What misdemeanors in Texas are considered to be moral turpitude. which ones are not
That depends on the context in which you ask this question, however a crime of "moral turpitude" means a crime of dishonesty such as theft related crimes, perjury, false reporting, etc... Some employment applications for governmental positions will actually spell out which crimes they consider of "moral turpitude" and some things just use the general definition of being a crime of dishonesty and decide on a case by case basis.
Assault, DUI, drug offeneses and other various misdemeanors are not considered crimes involving dishonesty and therefore not crimes involving "moral turpitude".
Please reply if I can assist further.
If there is no specific crime listed on the aplication then previous stae rulings on crimes without moral turpitude would be used?
Like beauty... it would be in the eye of the beholder. If you don't put the conviction on the application and they discovery it... and they decide it involves dishonesty then they could likely fire you. If the application is sworn or in the form of an affidavit then you could potentially be charged with forgery.
What is the application for and what is the conviction we're talking about?
The aplication is for a state lottery license. the crime is assault
I'm sure that is a sworn application so you have to be very cautious. Was the assault by a man against a woman (it matters in Texas)?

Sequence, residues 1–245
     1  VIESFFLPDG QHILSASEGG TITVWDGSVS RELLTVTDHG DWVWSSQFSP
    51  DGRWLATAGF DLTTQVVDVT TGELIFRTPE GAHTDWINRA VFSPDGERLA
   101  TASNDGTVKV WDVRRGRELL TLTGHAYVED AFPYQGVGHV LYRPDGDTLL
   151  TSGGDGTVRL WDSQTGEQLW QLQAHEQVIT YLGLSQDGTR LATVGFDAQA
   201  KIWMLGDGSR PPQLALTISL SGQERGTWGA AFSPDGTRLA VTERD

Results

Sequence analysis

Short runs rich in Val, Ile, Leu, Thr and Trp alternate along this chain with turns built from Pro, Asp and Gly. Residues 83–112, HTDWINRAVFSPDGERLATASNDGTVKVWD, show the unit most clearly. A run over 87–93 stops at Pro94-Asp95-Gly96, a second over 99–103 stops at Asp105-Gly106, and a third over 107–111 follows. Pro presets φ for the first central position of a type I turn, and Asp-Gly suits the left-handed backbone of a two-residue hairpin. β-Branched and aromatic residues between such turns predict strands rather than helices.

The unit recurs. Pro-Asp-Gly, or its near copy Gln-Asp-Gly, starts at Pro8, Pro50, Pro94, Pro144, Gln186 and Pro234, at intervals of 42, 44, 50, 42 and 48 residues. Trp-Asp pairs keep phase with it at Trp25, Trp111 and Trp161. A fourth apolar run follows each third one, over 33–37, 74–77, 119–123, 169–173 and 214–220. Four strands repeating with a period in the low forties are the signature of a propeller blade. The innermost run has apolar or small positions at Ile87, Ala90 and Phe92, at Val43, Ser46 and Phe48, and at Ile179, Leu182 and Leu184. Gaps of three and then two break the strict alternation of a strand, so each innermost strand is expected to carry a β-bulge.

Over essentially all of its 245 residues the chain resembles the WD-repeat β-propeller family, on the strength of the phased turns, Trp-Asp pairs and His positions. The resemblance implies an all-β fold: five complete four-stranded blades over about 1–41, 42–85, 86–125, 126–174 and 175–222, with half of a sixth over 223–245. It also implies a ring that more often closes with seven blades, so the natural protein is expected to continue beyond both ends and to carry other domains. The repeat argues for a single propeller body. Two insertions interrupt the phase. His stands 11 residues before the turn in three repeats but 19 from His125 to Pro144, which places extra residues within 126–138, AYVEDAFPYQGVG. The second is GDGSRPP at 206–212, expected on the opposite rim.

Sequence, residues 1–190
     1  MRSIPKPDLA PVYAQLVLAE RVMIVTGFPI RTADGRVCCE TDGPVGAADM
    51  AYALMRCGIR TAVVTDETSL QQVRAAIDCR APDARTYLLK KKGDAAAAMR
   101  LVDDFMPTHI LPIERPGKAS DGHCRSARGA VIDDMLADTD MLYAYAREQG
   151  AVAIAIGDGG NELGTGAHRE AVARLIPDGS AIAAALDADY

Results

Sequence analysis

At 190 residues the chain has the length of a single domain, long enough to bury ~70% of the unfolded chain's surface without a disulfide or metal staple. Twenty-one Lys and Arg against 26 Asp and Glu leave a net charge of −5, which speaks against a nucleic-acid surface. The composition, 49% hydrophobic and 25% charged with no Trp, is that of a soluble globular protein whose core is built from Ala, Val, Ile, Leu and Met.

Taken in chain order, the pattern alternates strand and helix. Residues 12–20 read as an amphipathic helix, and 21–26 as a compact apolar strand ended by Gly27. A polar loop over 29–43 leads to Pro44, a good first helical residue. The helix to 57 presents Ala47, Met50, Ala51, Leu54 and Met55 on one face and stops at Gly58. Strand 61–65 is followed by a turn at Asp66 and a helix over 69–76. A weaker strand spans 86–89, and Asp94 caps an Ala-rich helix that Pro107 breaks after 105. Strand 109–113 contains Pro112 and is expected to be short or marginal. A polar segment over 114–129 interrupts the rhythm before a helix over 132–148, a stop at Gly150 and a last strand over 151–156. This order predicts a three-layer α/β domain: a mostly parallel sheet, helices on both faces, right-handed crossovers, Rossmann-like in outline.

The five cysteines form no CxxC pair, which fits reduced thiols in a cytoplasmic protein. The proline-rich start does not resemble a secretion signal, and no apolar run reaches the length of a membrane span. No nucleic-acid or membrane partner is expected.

NO it was not.
I think you're going to be ok then... give me a few minutes to try to find you a case.39830.8432497685
In re Thacker, 881 S.W. 2d, 307 (Texas 1994), the Texas Supreme Court held that Aggravated Assault is not per se a crime involving moral turpitude. This issue is decided on a case by case basis and they look at the nature of the assault, the reasons for the assault, etc... Therefore the crime sitting alone is not one of moral turpitude.
There are circumstances surrounding an assault that could render it one of moral turpitude... gratuitous violence and extreme conduct that violates societies notions of decency can rise to that level. You'll have to use your best judgment. If you drop in on your local attorney's office and have them review the actual conviction and the circumstances surrounding it they can probably give you a good second opinion.
I think generally speaking an assault will not rise to the level of involving moral turpitude, but there could be specific actions that do rise to that level.
Over 11 years of practice in litigation including 10 years as a state prosecutor
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